Silence is golden in an age of sharing

By Amy Watt, founder, Megawatt Coaching 

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As we settle into self-isolation, silence is likely to become a bigger part of our lives. A little understood virtue in communications, those who harness its power are often on the front foot in their careers and their counsel. 

Ever found yourself in a one-sided conversation about a project, with little chance to speak or ask a question?  If so, you’re not alone.  We comms people are often in overdrive, with many meetings, tasks and priorities.

As “people people”, many of us might now be missing the buzz and chatter of the office, but our new reality offers an opportunity on this front. As PR managers and agency professionals, if we can’t stay quiet and listen, it is likely to be a hindrance in the long-term. Here’s why it is important to embrace the silence…

We are professional communicators. Communication is by definition a two-way process. If we aren’t honing our listening skills, as well as sharing information, no matter who we’re speaking to, then we’ll miss important insights. Projects could take longer and be more arduous for everyone involved.

Are we listening to the customer if we’re not listening to each other? Really absorbing the customer’s pain points beyond a superficial level can have a powerful effect on a brand’s ability to communicate. Do we often rush into the information-sharing part of a campaign, without doing the silent, information gathering part effectively?

Is social media to blame?

We’re now used to constant background noise and notifications that can make us uncomfortable and impatient with silence. “Why didn’t she answer the message I sent ten minutes ago? Something must be wrong!”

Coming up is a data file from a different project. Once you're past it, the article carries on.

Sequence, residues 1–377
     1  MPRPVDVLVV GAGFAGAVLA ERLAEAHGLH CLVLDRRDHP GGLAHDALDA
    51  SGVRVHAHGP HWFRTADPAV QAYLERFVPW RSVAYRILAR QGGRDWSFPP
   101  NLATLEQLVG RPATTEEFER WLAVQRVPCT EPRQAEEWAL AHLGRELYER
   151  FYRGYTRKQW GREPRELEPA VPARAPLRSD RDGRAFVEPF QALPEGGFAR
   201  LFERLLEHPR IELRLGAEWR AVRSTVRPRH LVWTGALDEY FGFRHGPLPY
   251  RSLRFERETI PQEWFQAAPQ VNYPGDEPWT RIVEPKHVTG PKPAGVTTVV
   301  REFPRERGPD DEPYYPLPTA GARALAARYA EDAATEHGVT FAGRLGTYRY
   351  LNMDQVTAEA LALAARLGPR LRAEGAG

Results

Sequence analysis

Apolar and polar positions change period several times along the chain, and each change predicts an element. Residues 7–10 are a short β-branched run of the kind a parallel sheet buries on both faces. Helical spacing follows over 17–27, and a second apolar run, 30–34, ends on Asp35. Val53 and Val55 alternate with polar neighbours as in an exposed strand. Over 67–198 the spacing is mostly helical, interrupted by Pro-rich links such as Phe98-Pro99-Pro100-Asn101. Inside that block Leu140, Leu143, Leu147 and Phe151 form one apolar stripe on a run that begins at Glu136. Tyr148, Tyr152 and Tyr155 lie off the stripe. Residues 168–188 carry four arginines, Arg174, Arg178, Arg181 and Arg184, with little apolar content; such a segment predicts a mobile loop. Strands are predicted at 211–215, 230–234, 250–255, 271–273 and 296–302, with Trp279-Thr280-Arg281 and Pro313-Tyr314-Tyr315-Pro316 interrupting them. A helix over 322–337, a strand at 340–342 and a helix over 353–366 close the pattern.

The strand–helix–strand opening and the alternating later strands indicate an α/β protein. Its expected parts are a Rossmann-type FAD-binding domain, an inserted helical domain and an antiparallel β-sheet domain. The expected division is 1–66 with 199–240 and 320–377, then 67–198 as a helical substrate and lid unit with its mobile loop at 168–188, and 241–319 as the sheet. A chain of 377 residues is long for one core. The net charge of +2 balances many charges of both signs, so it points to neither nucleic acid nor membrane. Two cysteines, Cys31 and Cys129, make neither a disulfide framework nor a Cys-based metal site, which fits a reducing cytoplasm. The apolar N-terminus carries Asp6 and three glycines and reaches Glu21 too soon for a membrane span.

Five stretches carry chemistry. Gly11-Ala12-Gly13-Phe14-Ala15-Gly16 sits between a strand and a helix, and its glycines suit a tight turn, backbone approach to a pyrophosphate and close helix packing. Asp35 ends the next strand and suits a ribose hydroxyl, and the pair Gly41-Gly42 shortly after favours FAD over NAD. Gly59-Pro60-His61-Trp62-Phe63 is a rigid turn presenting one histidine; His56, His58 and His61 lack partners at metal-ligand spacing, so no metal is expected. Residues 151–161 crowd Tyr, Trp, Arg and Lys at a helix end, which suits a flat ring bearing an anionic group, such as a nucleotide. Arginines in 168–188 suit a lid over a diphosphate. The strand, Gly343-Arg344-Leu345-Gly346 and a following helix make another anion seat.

It’s been well documented that social media is shattering attention spans and leading to more frequent, poorer quality interactions. We can see the effects in our social lives, with short exchanges hastily tapped out while multi-screening, until the recent lockdown, which has opened up space for longer, more caring conversations.

Active listening brings opportunity

With all the “noise” we are usually exposed to, it is not surprising that active listening is under-exploited by most of us in the communications profession. It is tough to tune in any single frequency. But good consultants know how to use silence to draw out more information, and build trust with their client or manager. Instead of launching into a monologue, they ask pertinent questions of their clients to get to the most insightful answers.

Despite the fact they’re saying very little, they are doing something very smart: being humble enough to know they may not have the right answer to the communication challenge in that instant. When they do offer their consultancy, it will be more considered, more relevant, more supportive and therefore more respected by the business.

The same goes for brands that listen carefully to their customers, and take advantage of the growing possibilities for using data to understand an audience. Because this is just another form of careful listening. It leads to more considered, relevant and sensitive communications, with more information in the right hands.

For these reasons, I like to think that embracing moments of silence in this lockdown, could support our industry, rather than being a barrier to success. By bringing more pauses, patience and thoughtful responses to our consultancy, we can create long-term opportunities for the industry, the brands we work for and for ourselves.

Amy Watt is a career coach for those in the communications industry. Sign up to her mailing list for career support tailored to the industry here.  

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